Google to work with Israel to censor Palestinian YouTube videos [UPDATED]
Coverage of any conflict is rarely free from bias, with propaganda being a staple tool. This certainly rings true of the war between Israel and Palestine, and Israeli Deputy Foreign Minister has engaged in talks with representatives of YouTube and Google with a view to censoring videos coming out of the region.
Tzipi Hotovely met with Google's Director of Public Policy, Jennifer Oztzistzki, and YouTube CEO Susan Wojcicki. On the agenda was discussion about how to censor Palestinian video footage deemed to be "inflammatory" or "inciting violence and terrorism" by Tel Aviv.
It's a move that will concern journalists, anti-censorship proponents, and freedom of the press advocates alike, but the Israeli government is keen to stem the flow of what it sees as uncensored propaganda coming out of the Occupied Palestinian Territories.
At the moment any journalist or reporter working in the area needs to register with the Israeli military, and all stories pass through the Israeli Military Censor. But the likes of YouTube have led to a rise in citizen journalism, and this is what the Israeli government is looking to crack down upon.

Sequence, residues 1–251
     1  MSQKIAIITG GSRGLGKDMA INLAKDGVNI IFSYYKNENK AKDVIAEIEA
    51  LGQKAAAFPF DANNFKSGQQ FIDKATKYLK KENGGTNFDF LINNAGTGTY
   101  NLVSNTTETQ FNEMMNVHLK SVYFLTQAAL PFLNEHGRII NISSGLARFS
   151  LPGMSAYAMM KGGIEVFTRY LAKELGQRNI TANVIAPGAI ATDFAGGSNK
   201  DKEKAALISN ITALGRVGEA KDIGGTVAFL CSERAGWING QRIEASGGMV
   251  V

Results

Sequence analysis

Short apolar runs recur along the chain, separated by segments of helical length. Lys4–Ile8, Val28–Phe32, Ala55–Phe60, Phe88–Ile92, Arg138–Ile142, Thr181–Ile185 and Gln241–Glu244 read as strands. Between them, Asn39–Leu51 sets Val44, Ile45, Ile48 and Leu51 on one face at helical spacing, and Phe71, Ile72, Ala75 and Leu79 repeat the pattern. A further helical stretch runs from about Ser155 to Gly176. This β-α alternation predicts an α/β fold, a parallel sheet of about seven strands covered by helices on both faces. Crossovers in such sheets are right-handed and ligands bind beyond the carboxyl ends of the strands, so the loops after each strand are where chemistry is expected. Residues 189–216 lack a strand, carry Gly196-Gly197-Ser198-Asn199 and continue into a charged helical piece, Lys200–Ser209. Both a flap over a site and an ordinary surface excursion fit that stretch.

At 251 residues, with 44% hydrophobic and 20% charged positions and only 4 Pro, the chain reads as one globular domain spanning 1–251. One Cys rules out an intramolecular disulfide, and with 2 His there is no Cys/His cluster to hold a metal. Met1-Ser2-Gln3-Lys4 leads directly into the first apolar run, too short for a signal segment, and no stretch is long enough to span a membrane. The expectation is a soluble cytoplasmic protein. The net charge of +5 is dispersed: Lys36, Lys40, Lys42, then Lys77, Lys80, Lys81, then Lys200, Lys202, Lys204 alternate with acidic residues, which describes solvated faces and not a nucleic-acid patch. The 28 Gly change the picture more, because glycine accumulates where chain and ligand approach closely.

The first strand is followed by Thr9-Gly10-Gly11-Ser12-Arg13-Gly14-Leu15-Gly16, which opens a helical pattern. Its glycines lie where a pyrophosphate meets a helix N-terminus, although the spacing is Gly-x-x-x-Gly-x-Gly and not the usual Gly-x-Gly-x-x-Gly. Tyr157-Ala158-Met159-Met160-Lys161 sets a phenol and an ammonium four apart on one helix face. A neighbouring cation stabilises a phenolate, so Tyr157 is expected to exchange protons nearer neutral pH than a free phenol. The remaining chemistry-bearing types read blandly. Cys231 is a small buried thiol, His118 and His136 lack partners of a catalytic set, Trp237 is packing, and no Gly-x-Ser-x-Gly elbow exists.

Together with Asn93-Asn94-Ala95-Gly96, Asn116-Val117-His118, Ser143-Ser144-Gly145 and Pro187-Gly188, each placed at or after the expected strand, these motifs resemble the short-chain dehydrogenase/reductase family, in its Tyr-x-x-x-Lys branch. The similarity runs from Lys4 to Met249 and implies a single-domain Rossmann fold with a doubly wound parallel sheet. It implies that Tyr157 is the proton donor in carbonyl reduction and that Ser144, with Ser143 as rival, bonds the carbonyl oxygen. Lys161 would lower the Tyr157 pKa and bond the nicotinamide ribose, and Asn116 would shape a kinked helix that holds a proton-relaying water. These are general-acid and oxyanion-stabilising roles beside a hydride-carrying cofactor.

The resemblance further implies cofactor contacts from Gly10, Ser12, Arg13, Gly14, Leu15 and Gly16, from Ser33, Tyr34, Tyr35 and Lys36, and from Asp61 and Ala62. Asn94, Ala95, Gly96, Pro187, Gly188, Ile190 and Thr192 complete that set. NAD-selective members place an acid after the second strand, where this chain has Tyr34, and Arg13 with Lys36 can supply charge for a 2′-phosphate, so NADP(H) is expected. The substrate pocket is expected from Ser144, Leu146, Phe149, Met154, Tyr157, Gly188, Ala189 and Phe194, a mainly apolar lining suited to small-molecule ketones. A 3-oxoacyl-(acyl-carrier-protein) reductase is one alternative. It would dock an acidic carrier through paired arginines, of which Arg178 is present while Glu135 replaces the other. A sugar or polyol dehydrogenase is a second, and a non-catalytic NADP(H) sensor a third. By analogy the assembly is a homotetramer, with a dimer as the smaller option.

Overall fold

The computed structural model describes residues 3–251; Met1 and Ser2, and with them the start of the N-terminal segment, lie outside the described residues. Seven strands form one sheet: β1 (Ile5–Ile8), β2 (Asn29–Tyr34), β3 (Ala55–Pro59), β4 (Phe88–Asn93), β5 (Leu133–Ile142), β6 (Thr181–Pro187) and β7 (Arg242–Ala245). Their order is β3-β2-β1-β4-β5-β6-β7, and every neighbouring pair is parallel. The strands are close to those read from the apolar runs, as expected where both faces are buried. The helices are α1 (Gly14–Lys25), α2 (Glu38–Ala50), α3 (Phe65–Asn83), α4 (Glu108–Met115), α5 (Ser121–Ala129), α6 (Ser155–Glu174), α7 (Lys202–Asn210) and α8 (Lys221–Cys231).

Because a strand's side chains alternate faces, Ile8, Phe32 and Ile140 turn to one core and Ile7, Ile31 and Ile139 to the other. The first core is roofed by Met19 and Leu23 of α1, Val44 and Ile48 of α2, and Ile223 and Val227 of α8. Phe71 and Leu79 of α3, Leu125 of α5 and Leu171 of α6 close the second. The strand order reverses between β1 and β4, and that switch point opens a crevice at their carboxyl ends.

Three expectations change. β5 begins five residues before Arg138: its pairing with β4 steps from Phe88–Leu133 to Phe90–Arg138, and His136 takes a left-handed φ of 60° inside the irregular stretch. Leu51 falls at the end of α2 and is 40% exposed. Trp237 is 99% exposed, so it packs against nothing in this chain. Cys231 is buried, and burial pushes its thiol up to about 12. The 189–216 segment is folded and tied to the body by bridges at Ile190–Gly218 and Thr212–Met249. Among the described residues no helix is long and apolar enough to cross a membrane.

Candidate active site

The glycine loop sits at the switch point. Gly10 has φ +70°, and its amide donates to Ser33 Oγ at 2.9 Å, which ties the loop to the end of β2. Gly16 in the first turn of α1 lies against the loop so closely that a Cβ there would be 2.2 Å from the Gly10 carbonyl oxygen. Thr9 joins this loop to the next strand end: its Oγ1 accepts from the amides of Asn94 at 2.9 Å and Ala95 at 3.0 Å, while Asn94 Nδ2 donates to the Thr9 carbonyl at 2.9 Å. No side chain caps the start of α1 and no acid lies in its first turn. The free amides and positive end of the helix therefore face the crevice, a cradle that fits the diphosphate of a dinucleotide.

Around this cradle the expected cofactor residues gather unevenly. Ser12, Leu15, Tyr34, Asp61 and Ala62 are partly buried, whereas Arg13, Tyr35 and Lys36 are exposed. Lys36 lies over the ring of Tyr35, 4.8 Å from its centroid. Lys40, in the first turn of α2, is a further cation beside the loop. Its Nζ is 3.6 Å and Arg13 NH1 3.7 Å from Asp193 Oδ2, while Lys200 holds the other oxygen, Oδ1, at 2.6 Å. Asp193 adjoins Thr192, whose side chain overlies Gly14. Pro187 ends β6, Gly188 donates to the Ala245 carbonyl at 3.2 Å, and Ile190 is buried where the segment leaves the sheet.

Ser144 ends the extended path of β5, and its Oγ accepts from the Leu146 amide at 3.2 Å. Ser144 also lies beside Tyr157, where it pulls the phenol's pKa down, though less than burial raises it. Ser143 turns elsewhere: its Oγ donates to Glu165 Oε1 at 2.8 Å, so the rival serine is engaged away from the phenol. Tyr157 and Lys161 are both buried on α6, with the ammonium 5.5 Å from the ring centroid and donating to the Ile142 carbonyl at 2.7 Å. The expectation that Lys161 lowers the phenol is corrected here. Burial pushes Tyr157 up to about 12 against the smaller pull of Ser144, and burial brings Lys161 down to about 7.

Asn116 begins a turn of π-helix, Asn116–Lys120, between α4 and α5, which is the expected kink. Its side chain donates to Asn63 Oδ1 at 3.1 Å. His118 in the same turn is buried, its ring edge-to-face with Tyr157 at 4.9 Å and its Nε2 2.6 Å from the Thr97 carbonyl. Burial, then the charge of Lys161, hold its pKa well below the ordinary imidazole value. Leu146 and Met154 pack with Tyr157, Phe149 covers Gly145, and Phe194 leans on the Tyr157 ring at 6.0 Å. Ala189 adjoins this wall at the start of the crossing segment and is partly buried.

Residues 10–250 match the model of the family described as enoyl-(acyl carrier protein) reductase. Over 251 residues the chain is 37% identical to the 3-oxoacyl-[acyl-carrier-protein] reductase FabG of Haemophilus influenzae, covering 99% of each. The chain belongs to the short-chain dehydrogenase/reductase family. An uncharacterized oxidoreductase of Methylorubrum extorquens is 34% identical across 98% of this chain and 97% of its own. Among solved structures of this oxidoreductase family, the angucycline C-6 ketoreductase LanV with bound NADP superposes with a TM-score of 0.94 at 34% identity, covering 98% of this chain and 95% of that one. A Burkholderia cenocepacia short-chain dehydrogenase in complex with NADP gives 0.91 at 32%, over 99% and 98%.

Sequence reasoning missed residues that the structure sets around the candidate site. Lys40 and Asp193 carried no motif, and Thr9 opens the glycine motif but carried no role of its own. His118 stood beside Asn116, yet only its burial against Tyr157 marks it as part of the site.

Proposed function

According to the Israeli newspaper Maariv, Hotovely will be working with Google to create body charged with "monitoring and preventing" the appearance of "inflammatory" videos. There has been an increase in the number of videos published that highlight the suffering of Palestinians, and this is something the Israeli government sees as bad PR.
Details of how the monitoring and censorship program will work have not been released, but Palestinians living in the territory illegally occupied by Israel are about to find it harder to get their side of the story out.
Since the publication of this story, BetaNews has been contacted by a Google spokesperson who issued the following statement:
Following media reports about a meeting last week between Google / YouTube executives and the Israeli Deputy Minister of Foreign Affairs, we wanted to clarify that this meeting was one of many that we have with policymakers from different countries to explain our policies on controversial content, flagging and removals.
The Israeli Ministry for Foreign Affairs has corrected its original announcement which, in error, suggested there had been an agreement with Google to establish 'a mechanism to monitor online materials'.
We rely on the YouTube Community to flag videos that they think violate our Community Guidelines. Video flagged on YouTube is reviewed 24 hours a day and, if material violates our policies, it is removed quickly. The policies are explained here and here in more detail on the YouTube policy center.